Tuesday, 27 May 2014

Questions (38)

Micheál Martin

Question:

38. Deputy Micheál Martin asked the Minister for Finance if he has seen the letter sent from Mr. Mario Draghi in relation to EU-wide stress tests; and if he will make a statement on the matter. [15987/14]

View answer

Written answers (Question to Finance)

I can confirm that I have seen the letter of 20 March 2014 from Mr Draghi to the Deputy and have noted the contents therein which are not at variance with views shared by the ECB as part of the Troika programme. In particular I note that Mr Draghi has highlighted that the Balance Sheet Assessment completed in 2013 by the Central Bank of Ireland is different to the SSM comprehensive assessment as it was not forward looking and did not include a stress test. The Deputy will be aware that the SSM comprehensive assessment comprises three components:

- A supervisory risk assessment;

- An asset quality review (AQR); and,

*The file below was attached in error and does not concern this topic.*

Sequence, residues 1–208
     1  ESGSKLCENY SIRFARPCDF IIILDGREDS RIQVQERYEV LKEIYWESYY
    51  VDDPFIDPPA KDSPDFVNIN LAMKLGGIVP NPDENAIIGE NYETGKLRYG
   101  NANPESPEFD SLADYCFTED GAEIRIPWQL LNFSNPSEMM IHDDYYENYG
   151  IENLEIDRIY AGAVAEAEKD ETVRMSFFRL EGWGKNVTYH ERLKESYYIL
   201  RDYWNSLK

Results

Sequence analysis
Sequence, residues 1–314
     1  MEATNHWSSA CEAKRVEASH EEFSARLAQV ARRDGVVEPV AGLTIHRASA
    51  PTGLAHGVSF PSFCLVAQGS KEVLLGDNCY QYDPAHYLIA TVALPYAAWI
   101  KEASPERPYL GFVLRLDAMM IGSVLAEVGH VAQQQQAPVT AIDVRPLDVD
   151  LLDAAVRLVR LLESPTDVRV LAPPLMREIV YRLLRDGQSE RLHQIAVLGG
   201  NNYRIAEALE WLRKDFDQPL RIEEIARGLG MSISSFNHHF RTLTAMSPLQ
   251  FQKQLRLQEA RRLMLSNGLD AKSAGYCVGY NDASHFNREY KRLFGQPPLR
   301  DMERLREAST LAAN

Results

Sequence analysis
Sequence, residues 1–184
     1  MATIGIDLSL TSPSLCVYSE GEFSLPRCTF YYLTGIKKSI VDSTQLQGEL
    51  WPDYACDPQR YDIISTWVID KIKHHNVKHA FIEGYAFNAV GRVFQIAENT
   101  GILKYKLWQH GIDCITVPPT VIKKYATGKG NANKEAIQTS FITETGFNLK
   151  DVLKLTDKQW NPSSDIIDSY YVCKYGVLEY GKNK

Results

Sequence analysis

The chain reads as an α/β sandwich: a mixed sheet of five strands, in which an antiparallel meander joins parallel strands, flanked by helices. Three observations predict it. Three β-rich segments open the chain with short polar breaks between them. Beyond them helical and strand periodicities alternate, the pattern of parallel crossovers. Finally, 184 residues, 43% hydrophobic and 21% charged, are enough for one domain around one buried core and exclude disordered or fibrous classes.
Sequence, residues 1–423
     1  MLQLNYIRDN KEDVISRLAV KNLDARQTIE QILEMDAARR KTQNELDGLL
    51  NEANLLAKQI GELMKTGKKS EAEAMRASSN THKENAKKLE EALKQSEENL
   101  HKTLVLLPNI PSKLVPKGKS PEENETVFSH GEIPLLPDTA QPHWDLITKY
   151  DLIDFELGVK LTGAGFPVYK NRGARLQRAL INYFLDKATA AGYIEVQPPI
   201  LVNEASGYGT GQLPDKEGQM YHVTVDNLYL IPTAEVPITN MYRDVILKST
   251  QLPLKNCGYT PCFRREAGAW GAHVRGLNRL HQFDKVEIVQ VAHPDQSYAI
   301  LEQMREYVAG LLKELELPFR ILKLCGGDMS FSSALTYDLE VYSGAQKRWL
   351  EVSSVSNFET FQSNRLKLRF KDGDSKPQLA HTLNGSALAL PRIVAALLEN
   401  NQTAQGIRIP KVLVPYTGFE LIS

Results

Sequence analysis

- A stress test.

Notwithstanding Mr Draghi's comments in relation to the difference between the two exercises, the AQR component of the SSM comprehensive assessment is similar to the Balance Sheet Assessment completed by our own Central Bank and is the starting point for the stress test. At the conclusion of the Balance Sheet Assessment it was confirmed that, having recognised additional provisions, each of the banks' capital ratios were above the minimum regulatory requirement. This, together with the large amount of new capital that has gone into the banks in recent years, leaves our banks well positioned going into the SSM comprehensive assessment and stress tests.

I also note that Mr Draghi makes reference to the "still very large stock of non-performing loans" which is a matter we have clearly been focused on for several years.  I take comfort in this regard in the progress of each of the banks in achieving the resolution targets set by the Central Bank for both residential mortgage and SME exposures. 

Finally, Mr Draghi refers to "the completion of the banks' restructuring and reforms". The EU Commission had approved the Restructuring Plan of Bank of Ireland back in 2011 and, since Mr Draghi's letter, the EU Commission has approved the Restructuring Plan of Allied Irish Banks.  Work on the Restructuring Plan of permanent tsb is ongoing. Restructuring and reform is not limited to Restructuring Plans and there are many areas where we continue to challenge the banks operating in Ireland - not just Bank of Ireland, Allied Banks and permanent tsb - to ensure they appropriately support the needs of the economy.